What I Learned from Jonny

This year has been a learning experience for me on every level. One piece of this experience has been being an employer instead of an employee for the first time in my life. A lot of things remain the same,  but in many ways it’s a different point of view. TPM has employed five people on long terms bases and dozens of others for quick jobs and day labor. Especially with the five people who have worked longer periods I have learned a lot about what makes good, bad, and great employees. A great employee is a beautiful thing. Mary and I will both agree that the best employee we have had so far on the garden project – and probably the best we will ever have –  is Jonny. Unfortunately for us Jonny had to leave to help his uncle run a hardware store in Kigoma. His presence has been greatly missed, but after a month of searching for  a good replacement I have put together  a list of what I think makes a truly great employee. I feel lucky to have met Jonny and watched him work because I know these lessons will transfer to work in my own life in years to come. These lessons transcend culture, specific jobs, and pay level and I will always have Jonny in my mind as a role model. Jonny was a quiet, hard worker and I realized I didn’t actually get any good pictures of him. Fortunately he looks almost identical to his mom and all of his brothers and I did get a good picture of his younger brother (left). Just add about 10 years.Image

One point I think is important to make is that I think there is a difference between someone who would make a good employee and someone who would make a good employer. This isn’t a leader vs. follower thing because good employees lead by example for all the other employees. I also don’t attach any value to employee vs. employer. Both are critical. Any busy professional will tell you that having a good secretary is priceless, but they wouldn’t be a good partner at the firm. Some people can excel in both roles, others do better in one or the other. Both are needed to make the world go round.

So now to my lessons from Jonny:

1. Don’t tell me about your problem, tell me about your solution.

I have often thought that telling my boss about various problems I have identified will make me seem like an alert critical thinker (or something like that). I’m now realizing that, as an employer, my first thought when someone tells me about a problem is usually something like, okay, so why aren’t you doing anything about it? For sure, I’d rather have someone tell me about a problem than just do nothing. But what I would love is for someone to just fix the problem. Jonny was great about this. When he saw something he knew he could fix he just did it without anyone saying anything about it. It’s the kind of thing you don’t fully appreciate until it’s not there. Thus, when I have a boss again I’ll make sure to send them a quick email letting them know what I did, “just to keep them in the loop.”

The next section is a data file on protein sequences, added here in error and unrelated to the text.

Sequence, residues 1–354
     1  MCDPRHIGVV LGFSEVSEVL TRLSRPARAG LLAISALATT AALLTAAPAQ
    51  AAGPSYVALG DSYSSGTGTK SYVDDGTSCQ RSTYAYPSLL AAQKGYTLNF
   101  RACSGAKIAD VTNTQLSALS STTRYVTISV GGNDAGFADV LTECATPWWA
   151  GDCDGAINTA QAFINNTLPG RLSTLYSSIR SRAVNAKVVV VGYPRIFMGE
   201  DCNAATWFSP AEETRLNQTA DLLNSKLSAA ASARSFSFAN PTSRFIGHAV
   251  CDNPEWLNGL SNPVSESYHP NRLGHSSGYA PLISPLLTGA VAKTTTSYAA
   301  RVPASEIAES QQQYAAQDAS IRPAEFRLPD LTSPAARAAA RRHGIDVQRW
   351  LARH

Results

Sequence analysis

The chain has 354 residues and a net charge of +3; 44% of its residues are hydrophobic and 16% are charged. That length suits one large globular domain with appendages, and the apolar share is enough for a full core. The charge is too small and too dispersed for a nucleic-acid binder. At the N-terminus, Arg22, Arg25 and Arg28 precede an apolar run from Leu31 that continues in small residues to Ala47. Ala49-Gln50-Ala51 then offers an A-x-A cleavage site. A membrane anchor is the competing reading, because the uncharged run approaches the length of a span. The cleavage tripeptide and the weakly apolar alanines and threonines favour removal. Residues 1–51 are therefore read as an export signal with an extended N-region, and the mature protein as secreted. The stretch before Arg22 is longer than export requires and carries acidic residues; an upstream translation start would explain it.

2. If you have to ask me what to do, you don’t get it.

Again, I always thought asking my boss what I could do would make me look flexible and eager to help. What I’m now realizing is it is just another thing for someone to think about and a diversion from whatever strain of thought they were on. Jonny always knew what he could be doing and was always doing something productive. He knew that if Mary or I needed something specific we would tell him, otherwise he just made sure he was constantly doing something that added value to the project. If you have a good understanding of what’s going on, you will always know something you can do.

3. Get there before the boss.

Maybe not all employers are like this, but I loved that Jonny was always at work before me. It didn’t have to be by much, but even if he was able to achieve just one small task before I arrived it made me feel like we were off to a good start. Even if it’s just five minutes before your boss arrives and all you do is empty the trash can, your boss has no idea if it was five minutes early or an hour and they show up to a workplace that is better than they expected.

4. Trust is invaluable.

Mary and I both felt we could really trust Jonny. We could give him the keys to the shop to open up early, money to purchase supplies, or a list of tasks to do on a day we weren’t around and we knew he would do what was asked with no problems. Having employees you can trust takes so much stress and second guessing out of life. I’m not sure anyone knows the secret to building trust, but if you can build it with your boss you’re instantly more valuable.

 

So thanks Jonny, And I’m sure my next employer thanks you, too.

 

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